Date: 29 August – 01 September 2013, Venue: Wild Coast Sun, Port Edward, South Africa, Presentation: Van der Merwe N, Pienaar R, van Rensburg SJ, Bezuidenhout J, MJ Kotze. Identification of Breast Cancer patients at increased risk of “chemobrain”: case study and review of the literature. Presentation type:Oral.
15th Biennial Congress of the Southern African Society for Human Genetics
Date: 6-9 October 2013, Venue: Maslow Hotel, Sandton, Johannesburg, South Africa, Presentation: N van der Merwe, Bouwens CSH, van der Merwe L, Yako YY, Geiger DH, Kotze MJ. The significance of CYP2D6 pharmacogenetic testing in oestrogen receptor-positive breast cancer patients. Presentation type: Poster
WITS Multi-Disciplinary Oncology Congress
Date: 14-16 February 2014, Venue:Hilton Hotel, Sandton, Johannesburg, South Africa. Presentation: Van der Merwe N, Jamieson G, Geiger D, Kotze MJ. Clinical significance of MTHFR 677 C>T in breast cancer patients screened for mutations in the BRCA1 and BRCA2 genes. Presentation type: Poster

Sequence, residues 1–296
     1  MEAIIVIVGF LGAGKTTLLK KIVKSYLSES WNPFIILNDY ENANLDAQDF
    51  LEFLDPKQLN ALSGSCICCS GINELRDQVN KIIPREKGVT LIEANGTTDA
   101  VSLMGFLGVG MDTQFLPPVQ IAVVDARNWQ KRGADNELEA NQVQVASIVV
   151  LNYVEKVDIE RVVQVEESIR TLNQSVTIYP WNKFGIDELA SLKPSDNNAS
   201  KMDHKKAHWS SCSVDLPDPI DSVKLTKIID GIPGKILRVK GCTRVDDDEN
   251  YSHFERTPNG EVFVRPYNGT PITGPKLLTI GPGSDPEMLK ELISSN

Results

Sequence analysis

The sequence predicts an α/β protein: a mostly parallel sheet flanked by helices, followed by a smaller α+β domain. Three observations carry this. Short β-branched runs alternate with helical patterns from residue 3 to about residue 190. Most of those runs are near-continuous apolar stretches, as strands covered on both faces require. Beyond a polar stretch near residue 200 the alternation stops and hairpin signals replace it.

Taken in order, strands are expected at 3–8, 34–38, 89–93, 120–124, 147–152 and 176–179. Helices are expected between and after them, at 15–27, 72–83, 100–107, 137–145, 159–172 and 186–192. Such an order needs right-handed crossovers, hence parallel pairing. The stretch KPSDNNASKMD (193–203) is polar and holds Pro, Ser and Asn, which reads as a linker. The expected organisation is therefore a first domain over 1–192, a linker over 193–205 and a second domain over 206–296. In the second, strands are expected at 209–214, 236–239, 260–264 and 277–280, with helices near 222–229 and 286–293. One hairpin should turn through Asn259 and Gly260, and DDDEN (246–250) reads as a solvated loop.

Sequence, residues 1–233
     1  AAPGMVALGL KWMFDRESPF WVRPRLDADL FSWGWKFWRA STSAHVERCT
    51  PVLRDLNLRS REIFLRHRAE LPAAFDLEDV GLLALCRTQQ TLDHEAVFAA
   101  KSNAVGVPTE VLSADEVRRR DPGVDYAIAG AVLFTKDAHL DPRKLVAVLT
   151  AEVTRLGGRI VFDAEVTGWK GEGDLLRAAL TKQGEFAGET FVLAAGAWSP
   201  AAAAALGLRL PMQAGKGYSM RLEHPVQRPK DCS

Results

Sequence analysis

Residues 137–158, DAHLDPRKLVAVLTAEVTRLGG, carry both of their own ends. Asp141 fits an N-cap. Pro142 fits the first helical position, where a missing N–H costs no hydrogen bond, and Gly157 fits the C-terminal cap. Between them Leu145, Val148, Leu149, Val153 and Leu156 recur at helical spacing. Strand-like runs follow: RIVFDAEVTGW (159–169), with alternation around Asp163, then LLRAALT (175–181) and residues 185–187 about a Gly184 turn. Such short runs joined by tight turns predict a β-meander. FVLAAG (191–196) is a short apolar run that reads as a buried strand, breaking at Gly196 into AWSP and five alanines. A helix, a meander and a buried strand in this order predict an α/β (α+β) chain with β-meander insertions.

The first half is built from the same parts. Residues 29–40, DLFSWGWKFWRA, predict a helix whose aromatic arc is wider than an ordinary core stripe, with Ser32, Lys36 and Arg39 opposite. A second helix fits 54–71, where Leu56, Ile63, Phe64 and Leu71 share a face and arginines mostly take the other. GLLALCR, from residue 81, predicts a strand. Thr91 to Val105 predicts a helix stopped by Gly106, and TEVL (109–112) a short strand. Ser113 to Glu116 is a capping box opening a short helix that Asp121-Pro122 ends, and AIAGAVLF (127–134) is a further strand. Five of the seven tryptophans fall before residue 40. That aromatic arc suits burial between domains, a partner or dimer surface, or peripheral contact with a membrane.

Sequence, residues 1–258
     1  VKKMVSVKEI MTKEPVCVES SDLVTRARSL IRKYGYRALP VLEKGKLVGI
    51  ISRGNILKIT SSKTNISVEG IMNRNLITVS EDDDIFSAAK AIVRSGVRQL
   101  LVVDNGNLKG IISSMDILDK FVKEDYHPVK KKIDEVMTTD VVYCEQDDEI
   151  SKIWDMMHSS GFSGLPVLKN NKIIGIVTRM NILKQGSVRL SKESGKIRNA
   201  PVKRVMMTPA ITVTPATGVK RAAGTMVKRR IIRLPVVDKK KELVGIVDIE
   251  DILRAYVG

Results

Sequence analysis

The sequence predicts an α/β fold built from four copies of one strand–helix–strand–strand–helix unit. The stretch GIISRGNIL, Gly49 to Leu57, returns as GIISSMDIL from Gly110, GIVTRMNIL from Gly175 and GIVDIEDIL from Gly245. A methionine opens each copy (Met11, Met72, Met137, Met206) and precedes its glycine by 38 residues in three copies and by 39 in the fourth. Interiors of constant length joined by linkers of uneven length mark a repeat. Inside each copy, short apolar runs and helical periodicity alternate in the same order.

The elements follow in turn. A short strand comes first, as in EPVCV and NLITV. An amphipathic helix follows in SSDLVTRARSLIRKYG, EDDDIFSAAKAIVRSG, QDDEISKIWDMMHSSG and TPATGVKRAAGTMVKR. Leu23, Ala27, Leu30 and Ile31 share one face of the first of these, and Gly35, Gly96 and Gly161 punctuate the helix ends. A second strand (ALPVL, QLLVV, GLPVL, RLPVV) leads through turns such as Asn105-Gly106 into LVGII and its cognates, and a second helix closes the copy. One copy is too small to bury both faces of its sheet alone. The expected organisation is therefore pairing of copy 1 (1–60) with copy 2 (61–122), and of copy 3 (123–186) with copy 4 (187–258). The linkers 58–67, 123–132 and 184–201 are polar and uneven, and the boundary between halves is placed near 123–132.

Metabolism and Cancer Conference
Date: 25-26 September 2014, Venue: Nice, France, Presentation: N van der Merwe, CSH Bouwens, J Harvey, R Pienaar, J Bezuidenhoudt, SJ van Rensburg, MJ Kotze. Clinical significance of MTHFR 677 C>T evaluated in South African breast cancer patients. Presentation type: Poster
14th Gallen International Breast Cancer Conference
Date:18-21 March 2015, Venue: International Centre Vienna, Vienna, Austria, Presentation: N van der Merwe, AV Peeters, SJ van Rensburg, FM Pienaar, J Bezuidenhout, MJ Kotze. Discordance between genome reference sequences applied in breast cancer exome sequencing. Presentation type: Poster
12th International Meeting for Society of Neuroscientists of Africa
Date: 26-30 March 2015, Venue: Durban, South Africa, Presentation: N van der Merwe, SJ van Rensburg, FM Pienaar, J Bezuidenhout, MJ Kotze. Clinical relevance of the MTHFR 677C>T mutation in breast cancer patients at increased risk of depression. Presentation type: Oral
16th Southern African Society of Human Genetics Biennial Congress
Date: 16-19 August 2015, Venue:KleinKaap Boutique Hotel, Centurion, South Africa, Presentation: N van der Merwe, AV Peeters, FM Pienaar, JM Bezuidenhout, SJ van Rensburg, MJ Kotze. Functional DNA mismatch repair variant missed in exomes of BRCA-negative breast cancer patients using variant calling with the public human genome reference sequence (hg19). Presentation type:Oral
Presentation by Dr KA Grant at the MLS conference, Port Elizabeth, May 2015